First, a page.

Pork used to have a reputation as being an unhealthy meat, too rich in fat and too low in other nutritional advantages compared to other alternatives. These days, however, pork is bred to be leaner and of better quality than times past. Pork chops in particular can be quick to prepare and possess great flavor, especially those that are still on the bone. The term "pork chop" actually covers several different cuts from along the flank of the pig, from sirloin chops from near the hips through rib and loin chops to blade chops near the shoulder. Different preparations tend to favor different cuts, so it's wise to know your options.
Grilling pork chops over an open flame is a good way to cook them without adding any oil or other fat. To keep grilled chops extra-juicy, brine them for about four hours first. Sear chops 3/4 inch or thicker on direct heat, then finish on indirect heat. Thinner chops are easy to overcook and benefit from a thick application of sauce or glaze to protect them from the heat.
Braising pork chops, cooking them partially submerged in liquid, assures a moist, juicy result. No need, in this case, to brine it beforehand, as the braising liquid adds extra flavor to the meat. It also minimizes the extra fat needed to cook the chop. You can braise pork chops in chicken stock, white or red wine, beer, cider or even milk. Any pork chop cut can be successfully braised, but the tougher blade chops in particular take well to this method. Braising's sole disadvantage is that it takes a little longer than grilling or sauteing.
You can also roast pork chops in the oven. Choose thicker chops, preferably bone-in, for the best flavor and also to prevent overcooking. A brine beforehand is ideal. Sear the chops on the stovetop first to enhance the flavor. You will need to rub the chops with a small amount of olive or other oil to keep them from sticking to the pan while roasting. At 400 degrees Fahrenheit, a skillet full of pork chops cut 3/4 to 1 inch thick should take only six to 10 minutes to cook through. When the meat reaches 140 to 145 F, it's done.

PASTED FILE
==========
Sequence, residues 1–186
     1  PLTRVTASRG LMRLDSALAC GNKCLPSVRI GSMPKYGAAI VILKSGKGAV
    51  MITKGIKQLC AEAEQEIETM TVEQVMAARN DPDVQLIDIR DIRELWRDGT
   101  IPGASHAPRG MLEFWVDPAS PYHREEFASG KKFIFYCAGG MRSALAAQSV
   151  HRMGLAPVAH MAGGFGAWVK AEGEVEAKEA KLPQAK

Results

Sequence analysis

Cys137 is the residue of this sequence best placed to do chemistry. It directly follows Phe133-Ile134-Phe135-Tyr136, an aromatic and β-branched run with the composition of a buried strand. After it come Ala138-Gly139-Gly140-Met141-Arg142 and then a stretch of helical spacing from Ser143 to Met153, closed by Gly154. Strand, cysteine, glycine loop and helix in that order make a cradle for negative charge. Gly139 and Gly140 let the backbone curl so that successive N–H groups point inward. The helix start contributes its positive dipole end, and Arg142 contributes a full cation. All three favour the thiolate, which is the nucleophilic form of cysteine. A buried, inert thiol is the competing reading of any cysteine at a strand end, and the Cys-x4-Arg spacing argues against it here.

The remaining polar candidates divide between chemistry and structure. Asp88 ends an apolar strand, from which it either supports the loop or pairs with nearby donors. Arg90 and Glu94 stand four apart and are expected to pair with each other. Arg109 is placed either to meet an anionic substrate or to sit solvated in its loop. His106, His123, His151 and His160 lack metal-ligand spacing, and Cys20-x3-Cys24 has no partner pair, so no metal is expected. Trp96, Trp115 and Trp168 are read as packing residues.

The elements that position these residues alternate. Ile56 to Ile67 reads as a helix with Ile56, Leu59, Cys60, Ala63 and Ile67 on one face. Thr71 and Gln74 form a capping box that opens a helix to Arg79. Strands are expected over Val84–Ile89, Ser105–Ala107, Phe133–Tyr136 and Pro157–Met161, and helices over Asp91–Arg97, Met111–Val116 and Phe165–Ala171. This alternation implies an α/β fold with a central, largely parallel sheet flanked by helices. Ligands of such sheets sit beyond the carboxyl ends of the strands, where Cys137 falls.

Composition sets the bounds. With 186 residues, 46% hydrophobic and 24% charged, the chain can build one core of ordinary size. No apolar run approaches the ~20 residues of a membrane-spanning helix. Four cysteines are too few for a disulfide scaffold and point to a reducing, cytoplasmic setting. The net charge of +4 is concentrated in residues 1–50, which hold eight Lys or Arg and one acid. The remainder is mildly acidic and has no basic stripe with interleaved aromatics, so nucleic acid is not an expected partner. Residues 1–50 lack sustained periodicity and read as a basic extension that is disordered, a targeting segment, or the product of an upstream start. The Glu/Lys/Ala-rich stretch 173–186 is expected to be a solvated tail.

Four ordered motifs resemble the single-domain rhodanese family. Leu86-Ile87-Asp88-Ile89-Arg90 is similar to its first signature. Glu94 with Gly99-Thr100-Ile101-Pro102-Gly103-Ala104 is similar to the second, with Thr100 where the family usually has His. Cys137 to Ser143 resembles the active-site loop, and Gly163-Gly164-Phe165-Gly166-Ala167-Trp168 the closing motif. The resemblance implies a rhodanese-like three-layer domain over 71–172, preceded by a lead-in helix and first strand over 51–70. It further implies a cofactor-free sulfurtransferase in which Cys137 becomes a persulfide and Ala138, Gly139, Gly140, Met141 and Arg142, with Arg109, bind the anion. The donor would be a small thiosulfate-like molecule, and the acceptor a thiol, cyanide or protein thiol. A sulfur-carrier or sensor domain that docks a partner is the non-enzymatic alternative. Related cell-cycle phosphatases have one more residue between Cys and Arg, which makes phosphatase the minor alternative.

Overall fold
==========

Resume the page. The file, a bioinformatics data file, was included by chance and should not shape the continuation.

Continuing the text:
Sauteing, also known as pan-frying, is quick and, unlike grilling, needs no special set-up. It does, however, require a small amount of oil to keep the meat from sticking to the saute pan. You can brine the chops beforehand and you can also add breading if you like. Brown the pork chop on one side for four to five minutes, then flip. Cover and cook until the center of the chop reaches approximately 140 F. How long this takes will depend on the thickness of your chop; expect between six and 15 minutes more cooking time. The best cuts for this method are 3/4- to 1-inch-thick rib or loin chops; blade chops in particular should be avoided as they are generally too tough for this treatment.
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